To really understand current and emerging disruption, a future-focused “deep-dive” assessment of the influences, shifts, and dynamics that have game-changing potential to disrupt your ecosystem is needed. Understanding how the broader world is being disrupted can inform and drive critical growth areas, like innovation.

When we do this work, there are several key steps that we take to provide a data-driven, future view and foundation for innovation (and other) growth activities

  1. Conduct a deep and broad scan of market activity and all the critical forces that drive disruption using a wide range of current, reliable data to uncover what is happening around consumers and customers.
  2. Complete a money flow analysis of investment and acquisition activity in relevant categories to see potential innovation trajectory.
  3. Tap into experts, thought leaders, influencers, and futurists for subject matter insight and projections on how categories and needs may evolve.
  4. Connect the dots to identify and prioritize the disruptors with the biggest potential impact.

If done in a strategic and comprehensive way, the synthesis of these inputs is a range of future scenarios that lay out the potential growth opportunities emerging from the disruption. The work can be quite provocative, with these scenarios representing innovation paths an organization might take to truly transform its business.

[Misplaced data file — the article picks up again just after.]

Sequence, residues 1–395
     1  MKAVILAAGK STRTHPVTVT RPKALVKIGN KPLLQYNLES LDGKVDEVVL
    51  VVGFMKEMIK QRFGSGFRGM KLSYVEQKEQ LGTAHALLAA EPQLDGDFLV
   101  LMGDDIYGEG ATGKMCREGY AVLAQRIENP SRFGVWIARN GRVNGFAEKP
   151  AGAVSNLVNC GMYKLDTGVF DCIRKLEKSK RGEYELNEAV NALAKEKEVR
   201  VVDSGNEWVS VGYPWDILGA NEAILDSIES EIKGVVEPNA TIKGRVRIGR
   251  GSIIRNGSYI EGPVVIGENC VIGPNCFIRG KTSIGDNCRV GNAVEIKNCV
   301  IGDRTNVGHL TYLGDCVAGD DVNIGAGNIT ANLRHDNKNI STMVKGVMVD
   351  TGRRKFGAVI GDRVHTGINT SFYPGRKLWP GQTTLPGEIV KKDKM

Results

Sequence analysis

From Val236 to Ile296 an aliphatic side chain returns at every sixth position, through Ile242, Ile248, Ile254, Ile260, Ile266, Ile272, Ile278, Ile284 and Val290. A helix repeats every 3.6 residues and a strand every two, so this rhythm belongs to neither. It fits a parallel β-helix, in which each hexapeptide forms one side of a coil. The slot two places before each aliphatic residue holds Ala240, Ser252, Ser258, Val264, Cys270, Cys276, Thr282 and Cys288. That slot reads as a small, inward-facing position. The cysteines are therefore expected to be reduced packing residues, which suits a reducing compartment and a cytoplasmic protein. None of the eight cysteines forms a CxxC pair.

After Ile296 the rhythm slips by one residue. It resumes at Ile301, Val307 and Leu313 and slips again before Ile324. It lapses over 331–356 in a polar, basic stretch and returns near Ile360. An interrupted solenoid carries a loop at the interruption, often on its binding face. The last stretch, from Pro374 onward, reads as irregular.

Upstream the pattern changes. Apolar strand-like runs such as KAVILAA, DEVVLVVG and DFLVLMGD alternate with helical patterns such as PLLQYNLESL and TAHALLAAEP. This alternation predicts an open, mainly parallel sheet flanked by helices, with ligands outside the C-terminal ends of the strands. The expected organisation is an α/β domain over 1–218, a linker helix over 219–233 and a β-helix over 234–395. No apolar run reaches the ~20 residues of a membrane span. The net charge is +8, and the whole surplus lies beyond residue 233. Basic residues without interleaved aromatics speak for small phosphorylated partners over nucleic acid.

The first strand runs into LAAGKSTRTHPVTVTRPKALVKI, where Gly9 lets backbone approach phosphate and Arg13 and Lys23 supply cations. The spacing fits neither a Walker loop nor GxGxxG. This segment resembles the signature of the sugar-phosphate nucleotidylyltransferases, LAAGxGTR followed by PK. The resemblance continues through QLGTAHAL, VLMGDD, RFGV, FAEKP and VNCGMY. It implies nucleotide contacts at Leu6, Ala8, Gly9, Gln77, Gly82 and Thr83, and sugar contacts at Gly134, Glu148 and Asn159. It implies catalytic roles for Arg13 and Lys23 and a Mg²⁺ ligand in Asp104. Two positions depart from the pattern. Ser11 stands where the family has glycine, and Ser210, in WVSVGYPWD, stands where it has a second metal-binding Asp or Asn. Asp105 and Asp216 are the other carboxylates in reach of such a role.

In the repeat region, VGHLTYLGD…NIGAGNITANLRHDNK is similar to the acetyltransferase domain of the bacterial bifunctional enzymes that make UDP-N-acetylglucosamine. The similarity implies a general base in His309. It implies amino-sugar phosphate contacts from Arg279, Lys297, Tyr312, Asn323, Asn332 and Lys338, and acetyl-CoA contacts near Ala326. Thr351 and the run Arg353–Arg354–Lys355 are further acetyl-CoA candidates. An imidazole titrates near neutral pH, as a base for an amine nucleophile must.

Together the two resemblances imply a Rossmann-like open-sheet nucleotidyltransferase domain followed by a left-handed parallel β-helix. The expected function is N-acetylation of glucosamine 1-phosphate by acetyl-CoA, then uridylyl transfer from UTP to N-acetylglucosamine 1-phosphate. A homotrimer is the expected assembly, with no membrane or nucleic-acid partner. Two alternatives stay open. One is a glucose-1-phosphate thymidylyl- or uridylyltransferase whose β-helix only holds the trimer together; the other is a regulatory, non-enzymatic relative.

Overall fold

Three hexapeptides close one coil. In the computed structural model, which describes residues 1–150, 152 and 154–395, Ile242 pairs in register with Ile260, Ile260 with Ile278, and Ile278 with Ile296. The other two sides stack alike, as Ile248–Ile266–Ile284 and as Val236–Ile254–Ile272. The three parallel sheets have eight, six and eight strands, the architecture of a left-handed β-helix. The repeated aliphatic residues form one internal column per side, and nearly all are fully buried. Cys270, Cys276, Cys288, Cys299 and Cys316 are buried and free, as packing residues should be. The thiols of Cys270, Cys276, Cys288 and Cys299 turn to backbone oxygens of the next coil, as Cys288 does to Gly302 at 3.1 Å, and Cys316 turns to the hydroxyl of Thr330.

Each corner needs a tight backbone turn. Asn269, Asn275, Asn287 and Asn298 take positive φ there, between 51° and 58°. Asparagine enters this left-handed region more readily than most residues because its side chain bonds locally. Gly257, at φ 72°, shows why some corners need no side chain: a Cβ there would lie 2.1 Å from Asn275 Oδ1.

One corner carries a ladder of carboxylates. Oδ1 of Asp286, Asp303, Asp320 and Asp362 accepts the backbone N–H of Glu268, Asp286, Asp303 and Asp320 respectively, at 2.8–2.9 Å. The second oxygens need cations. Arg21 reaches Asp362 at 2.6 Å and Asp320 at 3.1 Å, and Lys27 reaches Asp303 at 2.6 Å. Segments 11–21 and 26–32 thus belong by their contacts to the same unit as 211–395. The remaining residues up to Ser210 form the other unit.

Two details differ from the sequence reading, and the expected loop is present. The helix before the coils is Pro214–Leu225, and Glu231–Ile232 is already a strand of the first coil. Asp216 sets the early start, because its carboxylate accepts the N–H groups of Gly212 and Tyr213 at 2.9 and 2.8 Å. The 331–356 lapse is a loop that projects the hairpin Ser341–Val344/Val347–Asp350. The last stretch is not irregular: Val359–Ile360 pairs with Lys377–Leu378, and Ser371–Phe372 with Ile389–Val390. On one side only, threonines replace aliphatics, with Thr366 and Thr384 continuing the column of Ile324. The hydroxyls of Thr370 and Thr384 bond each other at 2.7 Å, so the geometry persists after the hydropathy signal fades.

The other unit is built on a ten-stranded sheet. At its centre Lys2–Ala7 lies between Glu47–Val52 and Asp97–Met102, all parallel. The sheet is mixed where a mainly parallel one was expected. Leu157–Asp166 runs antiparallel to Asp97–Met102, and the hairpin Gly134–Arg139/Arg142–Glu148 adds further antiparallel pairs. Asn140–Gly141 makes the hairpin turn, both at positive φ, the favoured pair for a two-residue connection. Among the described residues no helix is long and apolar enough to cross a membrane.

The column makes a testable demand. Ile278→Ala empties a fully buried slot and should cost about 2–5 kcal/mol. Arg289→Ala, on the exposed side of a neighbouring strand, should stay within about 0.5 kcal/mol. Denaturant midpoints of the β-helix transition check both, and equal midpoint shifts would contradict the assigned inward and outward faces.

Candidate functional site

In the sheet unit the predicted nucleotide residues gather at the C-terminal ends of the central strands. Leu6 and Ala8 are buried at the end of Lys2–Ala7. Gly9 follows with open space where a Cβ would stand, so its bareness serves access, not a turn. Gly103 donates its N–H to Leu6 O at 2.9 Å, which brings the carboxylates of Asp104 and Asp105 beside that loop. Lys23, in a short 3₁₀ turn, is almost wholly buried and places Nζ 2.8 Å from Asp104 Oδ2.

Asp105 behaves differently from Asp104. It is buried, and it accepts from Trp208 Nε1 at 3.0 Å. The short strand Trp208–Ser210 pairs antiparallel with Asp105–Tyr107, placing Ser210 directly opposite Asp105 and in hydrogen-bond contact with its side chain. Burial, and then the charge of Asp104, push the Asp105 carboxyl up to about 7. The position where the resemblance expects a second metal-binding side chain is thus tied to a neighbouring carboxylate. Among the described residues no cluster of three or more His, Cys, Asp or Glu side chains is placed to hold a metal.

To then create innovation platforms from this that are future-focused, disruptor-led, and take efforts far beyond where they are today, learning from the disruptor analysis should be integrated and “matched up” with what is known about consumers and customers – particularly their needs and how they are evolving in the face of disruption. It is important to identify and map the intersection of where these end users are going with the disruption that is happening around them to find the high-potential innovation territory that can make platforms rich with opportunities.

To ensure platforms are pushing out enough, they can also be quantitatively assessed and sized by using Trend Leading consumers, who often help clients “see the future” a few steps ahead of competition to anticipate “what’s next”. In addition, the extent to which a platform is ownable can also be evaluated, making them even more valuable as a tool to drive sustainable, differentiating innovation.

These steps are powerful additions to typical innovation platform work and are often missing. To truly inspire game-changing innovation and set up a brand and company for long-term success, this more rigorous disruptor analysis approach can make a significant impact.


The critical elements I’ve discussed are shown in this example platform framework. Each section is carefully constructed to reflect output from the comprehensive steps that are taken to uncover big market opportunity space.

In short, we preach putting people and emotional benefits at the center of innovation work. We include ownability in platforms to capture more relevant innovation territory. And critically, with an eye toward an evolving world, we align consumer/customer insight with clear foresight on disruption (and its impact) so that platforms will drive differentiating innovation and flip disruption from a potentially devastating risk to a significant market advantage.

Phil Roos

About The Author

Former CEO.